In the mid-1960s, 70% of the winegrowers (175 vintners) decided to join forces and found the Unión de Cosecheros of Labastida, which currently ranks as the largest co-operative winery in the Basque Country, with a production capacity of 7 million litres. Right from the outset, these winegrowers wanted to be involved in the entire process, from cultivating vineyards to barrel-ageing wine to bottling.

Labastida is a traditional wine-making village. There records of winemaking go back to several centuries, but probably the best evidence is the existence of "lagares rupestres," man made formations carved into large rocks in the vineyards consisting of three holes where the grapes were pressed to obtain the juice prior to fermentation. These monuments were used between the IX to the XVIII century.

In the late 18th century, a monk from Labastida named Manuel Quintano traveled to the Medoc area of Bordeaux to study winemaking and aging and was the first to bring these techniques back to Rioja and produce wines using the french methods. His house is located on the grounds of Bodegas Labastida.

The co-op has established its own brands and striven to enhance its facilities, equipping them with the most modern equipment available, as with its stainless steel tanks, a cooling unit for regulating fermentation temperatures and new bottling plant. The ageing of wines has always been one of this winery's passions and primary concerns. At present, the co-op has 6.000 American oak casks in storage, with an average age of five years.

The winery employs precision viticulture techniques using the latest technology to track the vegetative cycle. Bodegas y Viñedos Labastida has developed a pioneering system of weather stations that allows the winery to monitor their vineyards' health and thus prevent diseases that might damage the grapes.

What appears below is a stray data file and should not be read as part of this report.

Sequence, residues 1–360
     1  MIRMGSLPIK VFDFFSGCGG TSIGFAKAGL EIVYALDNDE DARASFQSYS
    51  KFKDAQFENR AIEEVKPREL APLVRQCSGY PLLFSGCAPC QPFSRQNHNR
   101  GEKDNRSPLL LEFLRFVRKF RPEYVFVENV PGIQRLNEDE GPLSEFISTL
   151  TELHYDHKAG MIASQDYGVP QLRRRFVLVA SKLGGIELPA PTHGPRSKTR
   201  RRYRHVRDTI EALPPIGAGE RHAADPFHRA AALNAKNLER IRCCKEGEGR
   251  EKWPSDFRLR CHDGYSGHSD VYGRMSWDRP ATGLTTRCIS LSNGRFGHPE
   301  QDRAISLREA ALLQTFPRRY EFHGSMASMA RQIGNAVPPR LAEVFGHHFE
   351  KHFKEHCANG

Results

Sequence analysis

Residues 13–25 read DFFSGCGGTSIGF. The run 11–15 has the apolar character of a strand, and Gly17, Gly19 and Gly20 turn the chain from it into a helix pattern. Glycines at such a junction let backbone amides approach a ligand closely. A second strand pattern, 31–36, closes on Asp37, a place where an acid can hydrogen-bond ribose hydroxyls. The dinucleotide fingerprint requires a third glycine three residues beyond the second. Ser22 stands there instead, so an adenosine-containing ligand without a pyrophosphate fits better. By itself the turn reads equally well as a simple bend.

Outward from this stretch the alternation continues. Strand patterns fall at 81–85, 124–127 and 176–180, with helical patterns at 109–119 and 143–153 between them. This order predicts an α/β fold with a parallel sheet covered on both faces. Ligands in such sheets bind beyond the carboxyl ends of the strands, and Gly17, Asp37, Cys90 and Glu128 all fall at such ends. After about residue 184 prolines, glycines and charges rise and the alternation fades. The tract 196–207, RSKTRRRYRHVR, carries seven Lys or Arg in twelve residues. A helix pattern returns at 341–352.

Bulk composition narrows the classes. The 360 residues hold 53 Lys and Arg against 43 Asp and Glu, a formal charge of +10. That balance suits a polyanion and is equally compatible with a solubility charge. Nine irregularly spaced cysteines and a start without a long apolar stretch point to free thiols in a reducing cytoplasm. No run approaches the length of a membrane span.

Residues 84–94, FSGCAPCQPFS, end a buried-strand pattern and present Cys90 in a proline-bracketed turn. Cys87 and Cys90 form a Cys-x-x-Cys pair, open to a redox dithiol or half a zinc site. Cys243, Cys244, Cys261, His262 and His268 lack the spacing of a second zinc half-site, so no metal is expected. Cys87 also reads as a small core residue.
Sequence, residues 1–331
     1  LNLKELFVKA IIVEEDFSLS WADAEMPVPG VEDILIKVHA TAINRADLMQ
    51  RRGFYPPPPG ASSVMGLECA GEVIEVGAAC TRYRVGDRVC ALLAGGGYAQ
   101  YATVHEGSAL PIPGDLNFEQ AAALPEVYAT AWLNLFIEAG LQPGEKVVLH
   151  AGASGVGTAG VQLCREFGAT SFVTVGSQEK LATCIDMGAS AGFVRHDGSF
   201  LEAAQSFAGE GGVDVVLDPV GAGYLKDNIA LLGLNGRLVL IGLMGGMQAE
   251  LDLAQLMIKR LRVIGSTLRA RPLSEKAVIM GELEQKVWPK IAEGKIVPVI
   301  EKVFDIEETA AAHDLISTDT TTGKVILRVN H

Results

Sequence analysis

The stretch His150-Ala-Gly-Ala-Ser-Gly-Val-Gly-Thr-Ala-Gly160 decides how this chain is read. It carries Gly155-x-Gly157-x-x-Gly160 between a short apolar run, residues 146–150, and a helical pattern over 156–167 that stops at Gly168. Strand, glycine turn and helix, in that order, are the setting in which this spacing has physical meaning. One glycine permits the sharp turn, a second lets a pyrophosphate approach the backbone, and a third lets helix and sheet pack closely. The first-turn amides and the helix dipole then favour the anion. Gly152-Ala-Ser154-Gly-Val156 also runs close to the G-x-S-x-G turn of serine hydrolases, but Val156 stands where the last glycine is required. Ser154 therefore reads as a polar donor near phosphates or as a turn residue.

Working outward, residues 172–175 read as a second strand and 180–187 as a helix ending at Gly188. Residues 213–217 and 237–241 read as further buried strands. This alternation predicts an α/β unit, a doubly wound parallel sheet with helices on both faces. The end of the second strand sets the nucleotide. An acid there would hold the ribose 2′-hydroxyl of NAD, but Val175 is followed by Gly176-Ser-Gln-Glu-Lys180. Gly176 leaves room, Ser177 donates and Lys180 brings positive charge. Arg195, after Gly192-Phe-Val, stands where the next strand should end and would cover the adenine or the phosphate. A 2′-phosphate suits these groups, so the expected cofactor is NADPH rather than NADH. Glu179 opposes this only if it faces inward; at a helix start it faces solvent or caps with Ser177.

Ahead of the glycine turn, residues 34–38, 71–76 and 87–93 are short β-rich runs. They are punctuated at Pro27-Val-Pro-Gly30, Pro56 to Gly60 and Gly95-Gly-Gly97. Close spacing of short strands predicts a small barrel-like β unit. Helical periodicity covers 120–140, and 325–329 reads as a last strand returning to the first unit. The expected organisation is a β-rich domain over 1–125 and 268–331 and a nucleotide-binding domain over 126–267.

The weather stations, located in six different vineyards in Rioja Alavesa, gather information and send it to a GPS system whose main mission is to forecast diseases such as mildew, botrytis or oidium, which may be harmful for the plants. César Castro, Viticulture Director at Bodegas y Viñedos Labastida, is delighted with this technology. With success rates of 80% for mildew and 60% for botrytis, his optimism is well founded.

But the use of this technology goes further - the stations also forecast the impact of climatic factors on the vines and soil. Rainfall levels, solar radiation, leaves' and vines' humidity and wind speed and direction are some of the parameters measured by electronic sensors installed on the stations.

Castro is the man in charge of interpreting the data sent by the GPS back to the winery. The numbers on the screen of his laptop help him measure the amount of water required by the vines or the impact of southerly winds on the grapes. Putting all that information into good use is crucial to obtain great quality wines.

The quad used by Castro is to get to his weather stations is more than just a means of transport. The four-wheeled vehicle incorporates a sensor that sweeps the vineyards to draw an extremely precise map of the vineyards and measure the vigor of the leaves. "A vineyard with a high level of vigor may produce grapes that are unsuitable for vinification, while others with less vigor could be of better quality", Castro explains. "High-tech viticulture helps to make high quality wines".

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